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New Medicare Advantage Benefits – Prevention Innovations

By | Blog Home, Medi-Cal Planning

As Medicare Advantage providers begin to implement new benefits, it is important to evaluate your insurance options during each Medicare enrollment period.  Additionally, even with expanded benefits, it is still crucial to plan for long-term care.  Private long-term care insurance, private paying, and Medi-Cal will still be the primary sources for paying for long-term care, not Medicare. 

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When should you review your estate plan?

By | Blog Home, Estate Planning

Reviewing your estate plan will alert you to any changes that need to be addressed. For example, you may need to make changes to your plan to ensure it meets all of your goals, or when an executor, trustee, or guardian can no longer serve in that capacity. You’ll probably want to do a quick review each year, because changes in the economy and in the tax code often occur on a yearly basis. Every five years, do a more thorough review.

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Gray Divorce: Dividing Assets Can Impact Retirement

By | Blog Home, Protection

A divorcing couple must typically negotiate a property settlement agreement to divide assets. Retirement plan benefits are often among the most valuable marital assets to be divided, along with houses, cars, and bank accounts. The laws of your state will define which retirement benefits are community property assets that are subject to division.

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Famous People Who Failed to Plan Properly

By | Blog Home, Misc

It’s almost impossible to overstate the importance of taking the time to plan your estate. Nevertheless, it’s surprising how many American adults haven’t done so. You might think that those who are rich and famous would be way ahead of the curve when it comes to planning their estates properly, considering the resources and lawyers presumably available to them. Yet there are plenty of celebrities and people of note who died with inadequate estate plans.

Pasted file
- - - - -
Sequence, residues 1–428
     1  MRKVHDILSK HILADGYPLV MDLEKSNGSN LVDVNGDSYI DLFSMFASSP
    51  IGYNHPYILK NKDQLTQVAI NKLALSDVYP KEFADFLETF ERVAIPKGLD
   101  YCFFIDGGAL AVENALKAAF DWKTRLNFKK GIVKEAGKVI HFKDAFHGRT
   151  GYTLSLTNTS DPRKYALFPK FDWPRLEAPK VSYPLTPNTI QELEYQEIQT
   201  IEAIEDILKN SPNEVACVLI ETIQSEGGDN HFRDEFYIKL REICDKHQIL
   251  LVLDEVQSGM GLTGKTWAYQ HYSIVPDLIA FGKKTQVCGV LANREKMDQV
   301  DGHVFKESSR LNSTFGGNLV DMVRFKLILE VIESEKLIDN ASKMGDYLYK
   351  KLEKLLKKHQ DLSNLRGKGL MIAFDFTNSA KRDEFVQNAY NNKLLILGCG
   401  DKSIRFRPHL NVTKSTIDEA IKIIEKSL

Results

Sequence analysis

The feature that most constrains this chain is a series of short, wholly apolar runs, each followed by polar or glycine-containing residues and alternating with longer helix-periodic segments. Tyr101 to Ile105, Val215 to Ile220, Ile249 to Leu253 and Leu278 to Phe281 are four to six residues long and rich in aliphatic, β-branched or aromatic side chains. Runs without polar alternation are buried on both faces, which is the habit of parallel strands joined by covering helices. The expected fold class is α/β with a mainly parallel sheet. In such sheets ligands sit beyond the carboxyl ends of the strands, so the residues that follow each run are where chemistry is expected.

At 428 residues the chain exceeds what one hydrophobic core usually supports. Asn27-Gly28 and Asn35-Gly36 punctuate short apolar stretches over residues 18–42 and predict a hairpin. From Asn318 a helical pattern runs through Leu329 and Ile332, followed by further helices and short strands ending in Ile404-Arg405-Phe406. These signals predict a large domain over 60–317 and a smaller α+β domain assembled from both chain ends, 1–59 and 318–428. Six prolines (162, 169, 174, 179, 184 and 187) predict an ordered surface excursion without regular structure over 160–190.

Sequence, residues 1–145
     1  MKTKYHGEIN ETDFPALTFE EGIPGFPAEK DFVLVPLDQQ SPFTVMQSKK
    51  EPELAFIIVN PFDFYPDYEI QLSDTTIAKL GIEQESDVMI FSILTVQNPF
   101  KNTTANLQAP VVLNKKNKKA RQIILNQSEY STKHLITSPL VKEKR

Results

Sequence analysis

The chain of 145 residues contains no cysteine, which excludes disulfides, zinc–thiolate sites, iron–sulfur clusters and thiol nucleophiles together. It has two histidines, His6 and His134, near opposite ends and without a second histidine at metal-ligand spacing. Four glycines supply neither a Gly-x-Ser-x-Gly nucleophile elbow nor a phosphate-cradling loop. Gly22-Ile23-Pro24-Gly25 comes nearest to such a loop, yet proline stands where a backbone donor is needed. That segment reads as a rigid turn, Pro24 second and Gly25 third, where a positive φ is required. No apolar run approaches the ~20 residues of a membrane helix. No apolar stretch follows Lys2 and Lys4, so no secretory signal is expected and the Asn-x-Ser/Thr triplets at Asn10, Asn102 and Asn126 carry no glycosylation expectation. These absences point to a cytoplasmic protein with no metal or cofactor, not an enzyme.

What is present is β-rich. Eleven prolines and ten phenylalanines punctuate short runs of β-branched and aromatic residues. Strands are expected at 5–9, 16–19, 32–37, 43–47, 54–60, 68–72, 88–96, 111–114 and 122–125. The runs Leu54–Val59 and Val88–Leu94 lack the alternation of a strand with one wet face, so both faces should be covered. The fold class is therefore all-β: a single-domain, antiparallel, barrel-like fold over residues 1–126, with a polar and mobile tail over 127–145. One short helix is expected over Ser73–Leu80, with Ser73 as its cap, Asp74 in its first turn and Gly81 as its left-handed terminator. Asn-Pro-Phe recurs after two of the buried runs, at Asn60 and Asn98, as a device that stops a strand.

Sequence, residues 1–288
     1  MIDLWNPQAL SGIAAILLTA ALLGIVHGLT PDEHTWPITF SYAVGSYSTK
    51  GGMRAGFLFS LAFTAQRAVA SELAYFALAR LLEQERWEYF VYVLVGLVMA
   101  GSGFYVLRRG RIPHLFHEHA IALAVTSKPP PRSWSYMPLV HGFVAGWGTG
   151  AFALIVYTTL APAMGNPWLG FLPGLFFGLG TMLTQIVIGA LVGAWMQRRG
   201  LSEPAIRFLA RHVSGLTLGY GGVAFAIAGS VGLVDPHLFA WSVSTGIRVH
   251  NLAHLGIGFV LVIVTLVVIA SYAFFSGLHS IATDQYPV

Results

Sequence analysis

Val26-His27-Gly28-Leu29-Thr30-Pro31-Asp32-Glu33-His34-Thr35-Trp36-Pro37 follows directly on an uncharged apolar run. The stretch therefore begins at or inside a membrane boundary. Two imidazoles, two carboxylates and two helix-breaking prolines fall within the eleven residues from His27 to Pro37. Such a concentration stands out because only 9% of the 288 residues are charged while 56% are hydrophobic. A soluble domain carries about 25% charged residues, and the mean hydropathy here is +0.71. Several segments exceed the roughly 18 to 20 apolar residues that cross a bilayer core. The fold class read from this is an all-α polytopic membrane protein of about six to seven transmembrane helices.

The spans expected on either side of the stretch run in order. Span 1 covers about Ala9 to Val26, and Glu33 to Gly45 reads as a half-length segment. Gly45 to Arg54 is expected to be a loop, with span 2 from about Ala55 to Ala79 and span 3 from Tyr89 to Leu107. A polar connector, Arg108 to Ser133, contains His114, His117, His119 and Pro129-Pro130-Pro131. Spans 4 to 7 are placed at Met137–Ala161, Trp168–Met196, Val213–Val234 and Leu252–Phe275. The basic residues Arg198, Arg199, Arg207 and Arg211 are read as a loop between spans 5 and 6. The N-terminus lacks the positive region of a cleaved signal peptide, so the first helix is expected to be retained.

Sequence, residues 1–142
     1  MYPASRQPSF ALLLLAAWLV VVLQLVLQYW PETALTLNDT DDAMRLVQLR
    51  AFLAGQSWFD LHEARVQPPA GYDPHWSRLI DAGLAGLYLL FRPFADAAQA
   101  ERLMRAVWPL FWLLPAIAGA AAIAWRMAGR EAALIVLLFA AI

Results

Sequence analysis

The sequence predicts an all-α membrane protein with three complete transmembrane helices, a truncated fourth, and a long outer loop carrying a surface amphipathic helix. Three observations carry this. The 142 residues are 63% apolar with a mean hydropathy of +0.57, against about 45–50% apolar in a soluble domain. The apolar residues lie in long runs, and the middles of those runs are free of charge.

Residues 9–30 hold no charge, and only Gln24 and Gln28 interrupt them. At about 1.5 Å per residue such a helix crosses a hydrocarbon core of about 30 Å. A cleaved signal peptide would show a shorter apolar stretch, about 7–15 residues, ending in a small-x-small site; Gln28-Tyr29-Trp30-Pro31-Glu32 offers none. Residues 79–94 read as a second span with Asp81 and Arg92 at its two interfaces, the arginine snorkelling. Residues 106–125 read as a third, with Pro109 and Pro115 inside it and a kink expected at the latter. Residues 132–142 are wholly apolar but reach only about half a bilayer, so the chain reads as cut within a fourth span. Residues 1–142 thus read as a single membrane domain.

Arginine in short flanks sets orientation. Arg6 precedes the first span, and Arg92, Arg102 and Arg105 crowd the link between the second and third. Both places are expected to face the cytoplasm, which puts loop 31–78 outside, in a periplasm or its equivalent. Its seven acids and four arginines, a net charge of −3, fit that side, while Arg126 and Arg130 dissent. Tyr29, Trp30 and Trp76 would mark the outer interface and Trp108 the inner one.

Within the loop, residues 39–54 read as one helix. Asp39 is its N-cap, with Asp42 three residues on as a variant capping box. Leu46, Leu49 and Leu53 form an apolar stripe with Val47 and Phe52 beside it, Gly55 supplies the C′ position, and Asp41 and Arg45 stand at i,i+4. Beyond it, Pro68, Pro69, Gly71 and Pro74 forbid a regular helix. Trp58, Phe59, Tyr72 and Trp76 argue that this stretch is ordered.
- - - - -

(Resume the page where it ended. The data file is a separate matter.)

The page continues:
The Queen of Soul, Aretha Franklin, died in 2018, leaving behind a score of wonderful music and countless memories. But it appears Ms. Franklin died without a will or estate plan in place. Her four sons filed documents in the Oakland County (Michigan) Probate Court listing themselves as interested parties, while Ms. Franklin’s niece asked the court to appoint her as personal representative of the estate. Her estate will be distributed according to the laws of her state of residence (Michigan). In addition, creditors will have a chance to make claims against her estate and may get paid before any of her heirs. And if she owned property in more than one state, then probate will likely have to be opened in each state where she owned property. The settling of her estate could drag on for years at a potentially high financial cost.

Prince Rogers Nelson, who was better known as Prince, died in 2016. He was 57 years old and still making incredible music and entertaining millions of fans throughout the world. The first filing in the Probate Court for Carver County, Minnesota, was by a woman claiming to be the sister of Prince, asking the court to appoint a special administrator because there was no will or other testamentary documents. As of November 2018, there have been hundreds of court filings from prospective heirs, creditors, and other “interested parties.” There will be no private administration of Prince’s estate, as the entire ongoing proceeding is open and available to anyone for scrutiny.

Pablo Picasso died in 1973 at the ripe old age of 91, apparently leaving no will or other testamentary instructions. He left behind nearly 45,000 works of art, rights and licensing deals, real estate, and other assets. The division of his estate assets took six years and included seven heirs. The settlement among his nearest relatives cost an estimated $30 million in legal fees and other related costs.

Abraham Lincoln, one of America’s greatest presidents, was also a lawyer. Yet when he met his untimely and tragic death at the hands of John Wilkes Booth in 1865, he died intestate — without a will or other testamentary documents. On the day of his death, Lincoln’s son, Robert, asked Supreme Court Justice David Davis to assist in handling his father’s financial affairs. Davis ultimately was appointed as the administrator of Lincoln’s estate. It took more than two years to settle his estate, which was divided between his surviving widow and two sons.